Tragically, the expansion of the immigration control "Constitution-Free Zone" is being propelled by some of the most outspoken critics of "big government."

Last week, many (by no means all) adherents of the Tea Party movement briefly suspended their campaign against invasive government to promote and applaud the
enactment of a measure turning Arizona into an authentic police state -- that is, one in which police can demand identity papers from practically anyone and arrest those who don't comply.

An ill omen: This billboard was photographed in Arizona by libertarian activist Ernest Hancock

Under SB 1070, signed into law by Gov. Jan Brewer on April 24, any "lawful contact" between a law enforcement officer and a citizen can end with the latter being arrested and detained if he cannot satisfy a "reasonable suspicion" that he is in the country without official permission.

An incident that occurred two days before that law was signed by Brewer demonstrates that a valid driver's license may not be sufficient to allay that suspicion, and that it's entirely possible for a native-born U.S. citizen who fully cooperates with the police to end up being handcuffed, arrested, detained and humiliated.

On April 22, an Arizona resident who identifies himself as Abdon (he hasn't chosen to disclose his surname) pulled his truck into a weigh station. As his vehicle was being inspected, Abdon was asked by an official to display proof of legal residency. He promptly handed over a valid Arizona commercial driving license; he also supplied his Social Security number and additional personal details.

For some reason this was considered insufficient, and Abdon ended up being cuffed and hauled away to an ICE detention facility while his wife -- who was dragged out of work -- was dispatched to their home to retrieve Abdon's birth certificate and other documents.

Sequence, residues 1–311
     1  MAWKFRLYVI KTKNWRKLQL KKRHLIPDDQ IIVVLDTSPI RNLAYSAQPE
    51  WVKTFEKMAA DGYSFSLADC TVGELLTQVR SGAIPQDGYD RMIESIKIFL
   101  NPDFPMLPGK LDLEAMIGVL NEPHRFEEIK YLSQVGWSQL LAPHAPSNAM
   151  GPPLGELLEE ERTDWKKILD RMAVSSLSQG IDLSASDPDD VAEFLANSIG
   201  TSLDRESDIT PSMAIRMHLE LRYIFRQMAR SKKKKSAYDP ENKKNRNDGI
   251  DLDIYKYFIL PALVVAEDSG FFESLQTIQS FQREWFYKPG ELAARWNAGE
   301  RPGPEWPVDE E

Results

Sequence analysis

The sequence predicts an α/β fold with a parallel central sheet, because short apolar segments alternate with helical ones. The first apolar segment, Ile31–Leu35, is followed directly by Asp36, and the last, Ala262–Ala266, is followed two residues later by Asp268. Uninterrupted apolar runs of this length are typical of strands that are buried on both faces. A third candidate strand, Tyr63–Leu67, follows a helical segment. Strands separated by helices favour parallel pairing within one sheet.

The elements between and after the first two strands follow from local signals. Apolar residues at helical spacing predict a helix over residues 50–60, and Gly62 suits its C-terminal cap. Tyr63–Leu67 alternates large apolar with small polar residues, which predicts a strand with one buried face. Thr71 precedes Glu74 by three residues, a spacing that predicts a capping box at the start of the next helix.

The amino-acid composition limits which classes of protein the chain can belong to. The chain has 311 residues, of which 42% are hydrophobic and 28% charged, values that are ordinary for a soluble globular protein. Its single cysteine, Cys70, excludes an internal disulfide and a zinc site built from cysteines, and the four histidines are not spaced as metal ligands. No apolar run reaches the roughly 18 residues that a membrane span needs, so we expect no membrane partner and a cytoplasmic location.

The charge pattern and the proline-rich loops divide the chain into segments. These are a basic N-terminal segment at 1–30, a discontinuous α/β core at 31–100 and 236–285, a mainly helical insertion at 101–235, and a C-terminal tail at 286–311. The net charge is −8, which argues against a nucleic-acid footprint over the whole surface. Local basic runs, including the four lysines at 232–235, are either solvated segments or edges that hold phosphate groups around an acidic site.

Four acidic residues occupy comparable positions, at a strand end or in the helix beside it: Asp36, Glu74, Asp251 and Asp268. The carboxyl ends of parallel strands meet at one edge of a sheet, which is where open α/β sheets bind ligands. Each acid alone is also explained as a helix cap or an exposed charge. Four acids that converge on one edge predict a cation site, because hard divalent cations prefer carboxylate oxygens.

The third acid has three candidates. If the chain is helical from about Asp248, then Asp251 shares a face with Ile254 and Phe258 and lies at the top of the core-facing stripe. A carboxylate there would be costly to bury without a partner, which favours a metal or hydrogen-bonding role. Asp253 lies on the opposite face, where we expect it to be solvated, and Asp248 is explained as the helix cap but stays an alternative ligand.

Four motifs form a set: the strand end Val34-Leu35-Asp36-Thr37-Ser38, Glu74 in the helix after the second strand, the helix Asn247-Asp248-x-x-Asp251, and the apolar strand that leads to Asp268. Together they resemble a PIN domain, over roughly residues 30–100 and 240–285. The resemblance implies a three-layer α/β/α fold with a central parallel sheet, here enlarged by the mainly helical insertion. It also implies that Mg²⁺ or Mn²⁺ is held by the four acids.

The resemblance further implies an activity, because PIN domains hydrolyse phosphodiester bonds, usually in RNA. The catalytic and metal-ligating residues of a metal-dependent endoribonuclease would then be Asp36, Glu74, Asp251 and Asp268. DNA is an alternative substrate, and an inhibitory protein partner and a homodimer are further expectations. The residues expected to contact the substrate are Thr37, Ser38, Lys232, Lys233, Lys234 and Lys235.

The unfortunate truck driver's birth certificate listed his birthplace as Fresno, California. This means that he -- unlike one, or possibly both, major party candidates in the last presidential election -- has an unassailable claim to being a "native-born United States citizen." He had complied with every demand made of him at the weigh station, and did nothing to suggest that he harbored criminal intent of any kind.

The only source of the "reasonable suspicion" that led to Abdon's arrest was his visible ethnicity.
This is the standard under which American citizens (particularly, but not exclusively, of Latino ancestry) can now be harassed, arrested, and detained in the State of Arizona.

The more frequently this kind of thing happens, the likelier it becomes that innocent people will be seriously hurt -- as if being accosted, questioned, and detained by armed strangers for reasons beyond one's control weren't sufficient injury.

SB 1070 has been the equivalent of a public works project for the "tolerance" industry, which is busy planning boycotts and other expressions of punitive sanctimony against Arizona. This had the predictable, albeit unfortunate, effect of leading at least some honorable people of goodwill to assume the best about the measure without examining its impact on individual liberty.